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1.  Magnetization transfer ratio in the delayed-release dimethyl fumarate DEFINE study 
Journal of Neurology  2014;261(12):2429-2437.
We measured changes in brain magnetization transfer ratio (MTR) as a potential indicator of myelin density in brain tissue of patients with relapsing-remitting multiple sclerosis (RRMS) treated with delayed-release dimethyl fumarate (DMF) in the Phase 3 DEFINE study. DEFINE was a randomized, double-blind, placebo-controlled study in which patients with RRMS were randomized 1:1:1 to 2 years of treatment with delayed-release DMF 240 mg twice daily (BID) or three times daily (TID) or placebo. MTR was analyzed in whole brain and normal-appearing brain tissue (NABT) at baseline, week 24, 1 year, and 2 years in a subset of patients. MTR data from 392 patients were analyzed. Mean percentage reduction from baseline to 2 years in median whole brain MTR was −0.386 % in the placebo group vs increases of 0.129 % (p = 0.0027) and 0.096 % (p = 0.0051) in the delayed-release DMF BID and TID groups, respectively. Similarly, mean percentage reduction from baseline in median NABT MTR was −0.392 % with placebo vs increases of 0.190 % (p = 0.0006) and 0.115 % (p = 0.0029) with delayed-release DMF BID and TID, respectively. Post hoc analysis of data from patients with no new or enlarging T2 lesions (n = 147), or who experienced no relapses (n = 238), yielded similar results. In this analysis, increases in MTR in brain tissue most likely reflect increases in myelin density in response to delayed-release DMF. These data in patients with RRMS are consistent with preclinical studies that indicate a potential for cytoprotection and remyelination with delayed-release DMF treatment.
Electronic supplementary material
The online version of this article (doi:10.1007/s00415-014-7504-7) contains supplementary material, which is available to authorized users.
PMCID: PMC4242981  PMID: 25270680
Delayed-release dimethyl fumarate; Magnetic resonance imaging; Magnetization transfer ratio; Multiple sclerosis
2.  Effects of delayed-release dimethyl fumarate on MRI measures in the Phase 3 DEFINE study 
Journal of Neurology  2014;261(9):1794-1802.
In the Phase 3 DEFINE study, delayed-release dimethyl fumarate (DMF) 240 mg twice (BID) and three times daily (TID) significantly reduced the mean number of new or enlarging T2-hyperintense lesions and gadolinium-enhancing (Gd+) lesion activity at 2 years in patients (MRI cohort; n = 540) with relapsing–remitting MS. The analyses described here expand on these results by considering additional MRI measures (number of T1-hypointense lesions; volume of T2-hyperintense, Gd+, and T1-hypointense lesions; brain atrophy), delineating the time course of the effects, and examining the generality of the effects across a diverse patient population. Reductions in lesion counts with delayed-release DMF BID and TID, respectively, vs. placebo were apparent by the first MRI assessment at 6 months [T2-hyperintense: 80 and 69 % reduction (both P < 0.0001); Gd+, 94 and 81 % reduction (both P < 0.0001); T1-hypointense: 58 % (P < 0.0001) and 48 % (P = 0.0005) reduction] and maintained at 1 and 2 years. Reductions in lesion volume were statistically significant beginning at 6 months for T2-hyperintense [P = 0.0002 (BID) and P = 0.0035 (TID)] and Gd+ lesions [P = 0.0059 (BID) and P = 0.0176 (TID)] and beginning at 1 year [P = 0.0126 (BID)] to 2 years [P = 0.0063 (TID)] for T1-hypointense lesions. Relative reductions in brain atrophy from baseline to 2 years (21 % reduction; P = 0.0449) and 6 months to 2 years (30 % reduction; P = 0.0214) were statistically significant for delayed-release DMF BID. The effect of delayed-release DMF on mean number of new or enlarging T2-hyperintense lesions and Gd+ lesion activity was consistent across pre-specified patient subpopulations. Collectively, these results suggest that delayed-release DMF favorably affects multiple aspects of MS pathophysiology.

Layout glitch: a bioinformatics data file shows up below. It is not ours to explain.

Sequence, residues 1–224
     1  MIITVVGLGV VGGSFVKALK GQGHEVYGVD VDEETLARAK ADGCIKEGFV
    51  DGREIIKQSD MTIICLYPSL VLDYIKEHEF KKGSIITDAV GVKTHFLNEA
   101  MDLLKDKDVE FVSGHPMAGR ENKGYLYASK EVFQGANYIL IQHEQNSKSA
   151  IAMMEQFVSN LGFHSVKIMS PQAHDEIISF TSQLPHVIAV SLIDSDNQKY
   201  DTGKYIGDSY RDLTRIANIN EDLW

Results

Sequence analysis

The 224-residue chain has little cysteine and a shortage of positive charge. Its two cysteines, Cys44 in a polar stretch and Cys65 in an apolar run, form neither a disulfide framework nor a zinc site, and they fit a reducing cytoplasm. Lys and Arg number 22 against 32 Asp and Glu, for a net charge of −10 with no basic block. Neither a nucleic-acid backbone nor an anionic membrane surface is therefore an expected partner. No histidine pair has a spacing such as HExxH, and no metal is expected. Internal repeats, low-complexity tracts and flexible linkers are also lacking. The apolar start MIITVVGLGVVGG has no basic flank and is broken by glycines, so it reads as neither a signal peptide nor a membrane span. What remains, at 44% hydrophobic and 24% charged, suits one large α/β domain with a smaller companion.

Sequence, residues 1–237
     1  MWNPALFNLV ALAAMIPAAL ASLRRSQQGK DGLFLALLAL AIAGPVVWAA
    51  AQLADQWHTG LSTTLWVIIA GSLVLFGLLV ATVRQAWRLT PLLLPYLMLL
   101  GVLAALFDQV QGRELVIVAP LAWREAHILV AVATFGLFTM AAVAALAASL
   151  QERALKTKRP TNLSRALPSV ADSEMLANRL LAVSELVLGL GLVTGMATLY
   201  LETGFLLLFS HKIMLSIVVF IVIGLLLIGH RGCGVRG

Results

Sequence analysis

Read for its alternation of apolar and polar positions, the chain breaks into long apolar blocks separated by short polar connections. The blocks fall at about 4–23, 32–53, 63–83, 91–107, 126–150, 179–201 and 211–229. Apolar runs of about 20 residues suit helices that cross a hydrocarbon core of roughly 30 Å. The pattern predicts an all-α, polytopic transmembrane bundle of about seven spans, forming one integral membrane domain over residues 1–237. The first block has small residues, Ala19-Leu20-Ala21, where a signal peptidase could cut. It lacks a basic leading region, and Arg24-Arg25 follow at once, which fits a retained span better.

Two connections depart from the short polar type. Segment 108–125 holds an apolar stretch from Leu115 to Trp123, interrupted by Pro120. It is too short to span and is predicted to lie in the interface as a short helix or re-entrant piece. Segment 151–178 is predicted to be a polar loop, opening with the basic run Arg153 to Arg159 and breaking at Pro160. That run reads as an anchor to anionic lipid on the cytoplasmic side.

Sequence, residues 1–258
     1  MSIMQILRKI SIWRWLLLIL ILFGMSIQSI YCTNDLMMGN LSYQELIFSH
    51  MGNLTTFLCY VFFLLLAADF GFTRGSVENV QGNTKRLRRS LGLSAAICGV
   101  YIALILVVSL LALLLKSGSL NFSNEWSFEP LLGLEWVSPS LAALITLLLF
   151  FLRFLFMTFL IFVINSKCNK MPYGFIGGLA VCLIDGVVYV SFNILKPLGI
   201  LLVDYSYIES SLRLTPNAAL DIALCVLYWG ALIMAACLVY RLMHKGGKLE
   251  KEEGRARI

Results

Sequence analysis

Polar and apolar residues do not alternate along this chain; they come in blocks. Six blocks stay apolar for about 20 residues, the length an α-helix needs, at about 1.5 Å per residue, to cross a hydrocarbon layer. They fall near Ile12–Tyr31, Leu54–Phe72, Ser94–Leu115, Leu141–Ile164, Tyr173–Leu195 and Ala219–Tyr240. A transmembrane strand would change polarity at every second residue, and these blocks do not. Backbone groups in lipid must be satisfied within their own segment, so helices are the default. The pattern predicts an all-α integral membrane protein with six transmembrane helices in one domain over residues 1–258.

Electronic supplementary material
The online version of this article (doi:10.1007/s00415-014-7412-x) contains supplementary material, which is available to authorized users.
PMCID: PMC4155185  PMID: 24989666
Brain atrophy; Delayed-release dimethyl fumarate; Lesion; MRI; Relapsing–remitting multiple sclerosis
3.  Community genomic analysis of an extremely acidophilic sulfur-oxidizing biofilm 
The ISME Journal  2011;6(1):158-170.